Wolves in Sheep's Clothing
The specific issue was some kind of legislative debacle in Pennsylvania in 1998 that led to a press release accusing conservative legislators of screwing over the grassroots, yet again. The following blast targeting the CNP crowd of hypocrites was included, apparently. This man's organization has a website http://www.protectingmarriage.org.
By Charles H. Kendall Jr., Ph.D., advisor to
Protecting Marriage, Inc.
Since the first Ronald Reagan administration, many conservatives and libertarians have wondered why true reforms in many issues areas have not occurred, especially in divorce law. Many of the blockages can be assigned to this secretive 501 (c)(3) so-called educational foundation. Members who are leaders of well-known pro-family and conservative or libertarian "think tanks" have blocked nearly every conservative, religious or political reform issue of record.
Among the Council for National Policy's 500 members are leaders of the Heritage Foundation, Free Congress Foundation, the Federalist Society (of conservative and libertarian lawyers), Focus on the Family, Family Research Council, "Pat" Robertson's empire, Jerry Falwell, National Association of Evangelicals, Christian Coalition, Eagle Forum, Concerned Women of America, and scores of supposedly conservative lawyers and politicians, all Republicans. Tim LaHaye was the principal founder of the CNP.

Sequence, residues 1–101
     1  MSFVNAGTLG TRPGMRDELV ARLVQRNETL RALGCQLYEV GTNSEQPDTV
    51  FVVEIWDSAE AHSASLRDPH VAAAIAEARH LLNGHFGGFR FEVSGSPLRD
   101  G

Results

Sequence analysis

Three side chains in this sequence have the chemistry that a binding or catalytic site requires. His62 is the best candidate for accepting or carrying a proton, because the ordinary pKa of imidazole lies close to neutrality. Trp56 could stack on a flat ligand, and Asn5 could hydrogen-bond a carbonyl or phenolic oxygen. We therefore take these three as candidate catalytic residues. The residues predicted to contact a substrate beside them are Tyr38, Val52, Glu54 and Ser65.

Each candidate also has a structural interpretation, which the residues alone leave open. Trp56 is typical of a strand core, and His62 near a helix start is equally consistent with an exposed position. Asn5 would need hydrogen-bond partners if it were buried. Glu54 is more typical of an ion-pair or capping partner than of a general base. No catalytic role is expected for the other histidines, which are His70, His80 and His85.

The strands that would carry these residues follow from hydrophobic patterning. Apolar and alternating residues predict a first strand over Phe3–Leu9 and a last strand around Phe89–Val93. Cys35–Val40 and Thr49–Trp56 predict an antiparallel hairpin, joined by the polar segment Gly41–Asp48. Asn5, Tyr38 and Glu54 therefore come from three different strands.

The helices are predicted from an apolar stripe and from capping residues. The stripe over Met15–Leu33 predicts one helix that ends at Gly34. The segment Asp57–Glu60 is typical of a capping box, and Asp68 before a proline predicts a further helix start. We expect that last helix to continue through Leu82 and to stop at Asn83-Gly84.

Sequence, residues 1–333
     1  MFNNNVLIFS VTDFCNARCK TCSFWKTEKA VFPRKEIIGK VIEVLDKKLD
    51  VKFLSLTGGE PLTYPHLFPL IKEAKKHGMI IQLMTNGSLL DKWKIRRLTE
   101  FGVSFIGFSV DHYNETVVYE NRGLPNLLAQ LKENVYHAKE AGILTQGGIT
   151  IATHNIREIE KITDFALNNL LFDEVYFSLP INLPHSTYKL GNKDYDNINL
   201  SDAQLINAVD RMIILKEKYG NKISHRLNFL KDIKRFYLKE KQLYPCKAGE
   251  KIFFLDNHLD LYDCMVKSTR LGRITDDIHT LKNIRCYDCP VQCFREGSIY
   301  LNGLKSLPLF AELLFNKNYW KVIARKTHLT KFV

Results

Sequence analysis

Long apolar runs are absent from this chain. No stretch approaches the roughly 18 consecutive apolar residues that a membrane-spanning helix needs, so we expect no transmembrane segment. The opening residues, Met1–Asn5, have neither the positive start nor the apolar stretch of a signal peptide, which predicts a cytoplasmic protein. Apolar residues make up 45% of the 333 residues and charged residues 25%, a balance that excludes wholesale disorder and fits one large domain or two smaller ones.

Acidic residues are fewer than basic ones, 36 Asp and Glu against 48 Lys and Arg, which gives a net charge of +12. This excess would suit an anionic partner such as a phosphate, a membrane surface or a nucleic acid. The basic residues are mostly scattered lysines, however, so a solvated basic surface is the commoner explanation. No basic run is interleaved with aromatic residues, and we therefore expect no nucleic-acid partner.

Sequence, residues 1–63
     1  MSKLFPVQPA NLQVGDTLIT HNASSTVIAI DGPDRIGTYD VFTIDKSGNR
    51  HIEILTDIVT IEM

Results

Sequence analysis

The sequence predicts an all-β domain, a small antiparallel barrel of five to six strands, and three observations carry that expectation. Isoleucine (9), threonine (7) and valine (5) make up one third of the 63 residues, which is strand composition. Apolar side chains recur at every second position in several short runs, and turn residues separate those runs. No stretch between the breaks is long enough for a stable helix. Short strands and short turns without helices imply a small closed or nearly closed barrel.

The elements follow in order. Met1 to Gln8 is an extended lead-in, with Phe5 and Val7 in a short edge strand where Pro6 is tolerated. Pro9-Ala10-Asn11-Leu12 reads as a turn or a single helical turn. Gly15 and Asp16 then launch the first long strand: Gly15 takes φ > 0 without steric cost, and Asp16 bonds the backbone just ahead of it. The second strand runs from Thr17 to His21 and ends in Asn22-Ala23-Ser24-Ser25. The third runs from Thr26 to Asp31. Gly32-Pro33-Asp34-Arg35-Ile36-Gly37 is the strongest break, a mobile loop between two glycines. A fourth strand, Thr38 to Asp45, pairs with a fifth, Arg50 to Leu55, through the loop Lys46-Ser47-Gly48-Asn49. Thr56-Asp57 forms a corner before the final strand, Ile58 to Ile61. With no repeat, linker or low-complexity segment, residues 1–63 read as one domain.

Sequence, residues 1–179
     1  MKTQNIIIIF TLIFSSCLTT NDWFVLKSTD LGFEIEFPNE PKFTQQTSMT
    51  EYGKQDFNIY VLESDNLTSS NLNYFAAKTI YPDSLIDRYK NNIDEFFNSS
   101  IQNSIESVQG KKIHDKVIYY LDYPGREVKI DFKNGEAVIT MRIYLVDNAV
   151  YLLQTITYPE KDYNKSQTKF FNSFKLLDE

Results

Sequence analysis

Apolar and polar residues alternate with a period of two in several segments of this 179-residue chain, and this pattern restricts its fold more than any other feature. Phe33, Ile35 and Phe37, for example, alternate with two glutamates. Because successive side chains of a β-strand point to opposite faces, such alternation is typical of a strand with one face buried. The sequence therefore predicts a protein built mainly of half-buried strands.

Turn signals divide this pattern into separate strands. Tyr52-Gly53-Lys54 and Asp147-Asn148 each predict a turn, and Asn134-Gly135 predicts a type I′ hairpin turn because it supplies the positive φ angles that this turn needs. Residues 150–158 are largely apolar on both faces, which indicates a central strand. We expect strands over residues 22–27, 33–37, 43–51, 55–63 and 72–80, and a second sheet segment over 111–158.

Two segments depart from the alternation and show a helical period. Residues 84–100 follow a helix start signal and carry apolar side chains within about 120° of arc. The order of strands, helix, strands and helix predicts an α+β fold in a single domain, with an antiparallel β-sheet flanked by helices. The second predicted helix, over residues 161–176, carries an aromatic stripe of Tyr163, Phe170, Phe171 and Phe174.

Using Pennsylvania as an example, see it this fits anything going on in your state, then please let Protecting Marriage know the details. Supposedly Christian, conservative state Republican representatives Tom Armstrong, Dennis Leh, and Sam Rohrer travel Pennsylvania telling their constituents how good they are and how they share the crucial concerns of their listeners, the implication being that they serve to address those concerns in the legislature. Yet nothing meaningful in social policy is either introduced or advanced.
But too frequently these three reps seem to take their very limited directions from the Pennsylvania Family Institute, one of the 32 such state institutes tied, despite denials to the contrary, to Dr. James Dobson and Gary Bauer, the leaders, respectively, of Focus on the Family and the Family Research Council.
FOCUS, for example, for the last 3 years has held, in Colorado Springs, weekend "retreats" for lawyers (and their wives) and on a full legal-topic agenda each time, Divorce was never listed. With the documented daily stress upon society due explicitly to Divorce, it is an unacceptable omission.
Dobson and Bauer, in turn, check with others in the CNP regarding their agendas, and we suspect that there is a working arrangement between CNP leaders, the Republican National Committee, and state Republican leaders to toy with the masses of religious and political conservatives, while keeping their votes.
Representatives Armstrong, Leh, and Rohrer have promised us strong efforts at true reform, especially in family and educational issues, all the while they are voting for rights-stripping state constitutional amendments and quite fraudulent tax "reform" bills.
With secret, unpublicized meetings, and no stated mission or agenda for public benefit, the CNP strikes us as a domestic variant of the Bilderbergers, another extremely powerful and secret group of world leaders, recently described in TIME magazine. And if the CNP meets in secret and performs no public educational or charitable works, how can it maintain 501 (c)(3) tax-exempt status? Those of you contributing to CNP members and their religious or political groups should ask the CNP what it is really up to, and if necessary, expose it as dangerous to traditional marriage, the nuclear family, and private property rights.